It’s not every day that my best friend is caught off guard by anything, let alone bewildered. He reads people and situations extremely well and has an uncanny ability at hedging himself against any unforeseen circumstance. So when he started our conversation with such a question I knew something very unexpected had taken place. I asked him to explain what he meant by such a left-field question. He went on to tell me how, right after we got off the phone, he noticed something different about the mechanic. I was happy to see that the mechanic was bewildered by Grace as well.
He described him as typical northern Italian: straight to the point and not very warm; courteous but not warm. He continued to tell me that after we spoke he went to work in earnest. The mechanic started bossing people around. He was telling his workers to get working on the car. He took a piece of paper and wrote down the following day’s date and a time (assuming it was the pickup time). Before leaving the shop, they shook hands and the mechanic gave him one of those half tap/half hugs sort of goodbye. But then, he said the mind-blower came the next day.
Where mercy found me
When my friend showed up to pick up the car the mechanic greeted him with open arms, welcomed him in, and personally escorted him to the vehicle: he wouldn’t even accept a tip! He said the mechanic smiled and laughed the whole time and waved him off as he left the shop! “Again, I ask you: are you related”? I assured him that I had never met him nor had ever spoken to him. So he asked me: “then what could you possibly have said to this man that changed his mood so drastically”? I thought about it for a moment and then I remembered, I had said: “God bless you”.
It made sense. The last thing I said to him was, “God bless you, God repay for your diligence and your time”. My friend said that it was as though someone had lit a fire under him. I went on to explain that, perhaps, that man had very rarely come across such a salutation and he really took it to heart and it made a tangible difference in his day. “It’s the craziest thing I’ve ever witnessed”. he said. I smiled, said “yeah, ‘God bless you’ goes a long way!’ and moved on.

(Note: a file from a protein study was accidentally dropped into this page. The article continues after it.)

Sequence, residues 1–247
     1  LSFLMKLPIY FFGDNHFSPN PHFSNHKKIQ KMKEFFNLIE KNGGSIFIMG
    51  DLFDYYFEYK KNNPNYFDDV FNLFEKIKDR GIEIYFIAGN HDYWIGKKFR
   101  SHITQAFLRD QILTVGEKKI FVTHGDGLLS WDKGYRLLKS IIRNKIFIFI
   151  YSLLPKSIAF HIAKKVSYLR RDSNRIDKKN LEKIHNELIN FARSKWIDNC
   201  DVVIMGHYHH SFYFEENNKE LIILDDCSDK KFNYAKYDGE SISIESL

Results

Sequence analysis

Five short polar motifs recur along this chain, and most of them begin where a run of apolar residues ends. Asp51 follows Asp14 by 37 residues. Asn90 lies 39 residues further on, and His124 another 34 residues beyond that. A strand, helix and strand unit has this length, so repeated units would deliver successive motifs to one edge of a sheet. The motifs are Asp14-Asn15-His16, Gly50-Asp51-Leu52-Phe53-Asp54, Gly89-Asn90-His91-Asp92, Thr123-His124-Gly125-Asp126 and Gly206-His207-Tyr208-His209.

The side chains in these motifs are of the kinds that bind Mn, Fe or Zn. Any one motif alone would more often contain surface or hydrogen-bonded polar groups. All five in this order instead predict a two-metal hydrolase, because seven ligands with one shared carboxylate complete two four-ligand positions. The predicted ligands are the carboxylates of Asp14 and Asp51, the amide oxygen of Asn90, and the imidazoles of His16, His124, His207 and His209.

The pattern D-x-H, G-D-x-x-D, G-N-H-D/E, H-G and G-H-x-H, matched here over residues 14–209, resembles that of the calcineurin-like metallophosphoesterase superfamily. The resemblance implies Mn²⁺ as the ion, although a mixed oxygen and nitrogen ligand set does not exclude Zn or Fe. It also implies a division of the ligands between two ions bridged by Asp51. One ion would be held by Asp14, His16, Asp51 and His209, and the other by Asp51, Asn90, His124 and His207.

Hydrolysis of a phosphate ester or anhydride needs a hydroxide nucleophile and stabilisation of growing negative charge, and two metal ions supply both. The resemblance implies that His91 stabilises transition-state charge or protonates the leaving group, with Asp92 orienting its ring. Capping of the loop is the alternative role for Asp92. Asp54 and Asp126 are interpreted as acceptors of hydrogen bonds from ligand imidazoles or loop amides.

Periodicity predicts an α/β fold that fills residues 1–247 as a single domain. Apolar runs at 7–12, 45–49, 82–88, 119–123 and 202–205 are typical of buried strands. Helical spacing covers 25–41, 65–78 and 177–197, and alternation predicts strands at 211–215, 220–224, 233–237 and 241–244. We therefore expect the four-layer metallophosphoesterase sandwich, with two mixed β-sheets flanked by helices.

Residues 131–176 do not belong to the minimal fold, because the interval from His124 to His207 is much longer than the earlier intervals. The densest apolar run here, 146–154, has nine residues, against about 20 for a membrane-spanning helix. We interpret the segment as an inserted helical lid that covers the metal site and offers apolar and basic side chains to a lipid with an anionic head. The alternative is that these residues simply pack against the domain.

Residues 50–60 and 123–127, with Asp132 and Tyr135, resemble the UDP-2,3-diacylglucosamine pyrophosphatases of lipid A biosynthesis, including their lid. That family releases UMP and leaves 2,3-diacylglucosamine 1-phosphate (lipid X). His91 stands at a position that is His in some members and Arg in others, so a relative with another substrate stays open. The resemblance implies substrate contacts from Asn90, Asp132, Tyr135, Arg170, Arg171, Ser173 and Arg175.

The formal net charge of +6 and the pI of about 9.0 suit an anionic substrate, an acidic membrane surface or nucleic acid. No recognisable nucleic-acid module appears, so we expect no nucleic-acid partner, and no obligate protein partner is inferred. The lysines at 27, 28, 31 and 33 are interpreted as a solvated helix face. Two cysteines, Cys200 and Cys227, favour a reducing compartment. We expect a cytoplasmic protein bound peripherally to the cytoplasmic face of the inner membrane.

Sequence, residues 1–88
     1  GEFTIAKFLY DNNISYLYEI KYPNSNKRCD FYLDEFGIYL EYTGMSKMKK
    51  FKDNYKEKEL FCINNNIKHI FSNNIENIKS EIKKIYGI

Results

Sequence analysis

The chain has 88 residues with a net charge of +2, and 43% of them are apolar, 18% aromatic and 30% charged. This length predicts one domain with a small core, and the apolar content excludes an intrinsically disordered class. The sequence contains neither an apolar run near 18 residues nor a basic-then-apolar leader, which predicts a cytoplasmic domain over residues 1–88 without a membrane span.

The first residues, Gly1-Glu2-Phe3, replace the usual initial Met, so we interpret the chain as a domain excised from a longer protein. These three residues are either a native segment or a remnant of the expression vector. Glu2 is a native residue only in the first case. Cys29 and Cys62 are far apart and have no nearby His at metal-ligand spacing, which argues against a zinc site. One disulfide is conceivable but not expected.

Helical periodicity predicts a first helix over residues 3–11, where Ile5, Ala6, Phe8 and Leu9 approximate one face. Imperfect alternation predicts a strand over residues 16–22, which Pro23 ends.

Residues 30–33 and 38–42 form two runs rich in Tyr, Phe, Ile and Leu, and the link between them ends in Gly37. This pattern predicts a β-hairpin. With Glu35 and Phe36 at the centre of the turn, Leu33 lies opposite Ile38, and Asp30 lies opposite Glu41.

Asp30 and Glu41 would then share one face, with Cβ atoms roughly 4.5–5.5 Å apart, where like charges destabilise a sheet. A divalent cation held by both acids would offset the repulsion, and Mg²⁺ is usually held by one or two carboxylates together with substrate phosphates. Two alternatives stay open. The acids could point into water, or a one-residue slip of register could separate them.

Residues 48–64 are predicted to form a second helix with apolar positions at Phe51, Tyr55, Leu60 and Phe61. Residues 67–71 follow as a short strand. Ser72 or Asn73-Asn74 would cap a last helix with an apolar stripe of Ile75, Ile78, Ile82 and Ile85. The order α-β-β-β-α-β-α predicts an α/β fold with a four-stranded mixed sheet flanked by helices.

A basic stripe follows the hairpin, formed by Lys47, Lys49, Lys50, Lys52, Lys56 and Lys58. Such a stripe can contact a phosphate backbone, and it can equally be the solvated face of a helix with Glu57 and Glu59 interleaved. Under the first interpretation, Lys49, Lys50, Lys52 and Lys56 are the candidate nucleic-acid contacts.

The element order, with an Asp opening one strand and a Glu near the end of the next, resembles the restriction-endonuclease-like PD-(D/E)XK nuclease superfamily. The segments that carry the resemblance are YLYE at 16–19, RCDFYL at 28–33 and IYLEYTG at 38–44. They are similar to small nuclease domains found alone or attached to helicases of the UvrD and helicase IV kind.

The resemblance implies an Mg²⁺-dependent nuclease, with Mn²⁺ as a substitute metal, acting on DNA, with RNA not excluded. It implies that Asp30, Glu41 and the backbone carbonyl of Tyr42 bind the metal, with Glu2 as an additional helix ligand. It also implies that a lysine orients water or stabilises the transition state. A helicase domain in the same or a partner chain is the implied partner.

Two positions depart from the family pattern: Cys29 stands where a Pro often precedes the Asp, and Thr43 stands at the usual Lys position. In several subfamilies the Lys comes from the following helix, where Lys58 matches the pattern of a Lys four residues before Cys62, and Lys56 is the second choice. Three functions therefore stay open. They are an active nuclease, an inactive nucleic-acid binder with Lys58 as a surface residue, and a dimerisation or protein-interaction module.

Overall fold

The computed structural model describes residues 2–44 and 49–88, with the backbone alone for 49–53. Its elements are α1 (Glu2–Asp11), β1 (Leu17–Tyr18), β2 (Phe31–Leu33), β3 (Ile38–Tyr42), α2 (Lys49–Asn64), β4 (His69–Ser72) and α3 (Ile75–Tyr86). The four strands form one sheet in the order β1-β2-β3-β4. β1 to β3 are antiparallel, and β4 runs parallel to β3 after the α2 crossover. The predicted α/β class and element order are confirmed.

Too often we want to preach and push and pull our loved ones into the Kingdom. My friend definitely got his share of it from a few of us when we were younger. After a while, we just loved him for who he is. We decided that prayer might work better. So it’s these rare moments when God shows up and shines out in ways that he understands that make up for years of preaching. He was able to witness first hand how God took care of his needs. Even in such little things above and beyond his expectations. So much so that he thought he had fortuitously landed among relatives of friends.
God doesn’t need us to hit people over the head with the Message: we are called to be “Living epistles, easily read of all men“. For my jaded, calculating eastern European cynical friend, what happened that day made him stop and take notice. Perhaps a few more such close encounters and, who knows, the Lord will lead him to Himself soon. We, as Christians, can only pray. As we pray, let us ask for opportunities for people to truly be bewildered by His Grace.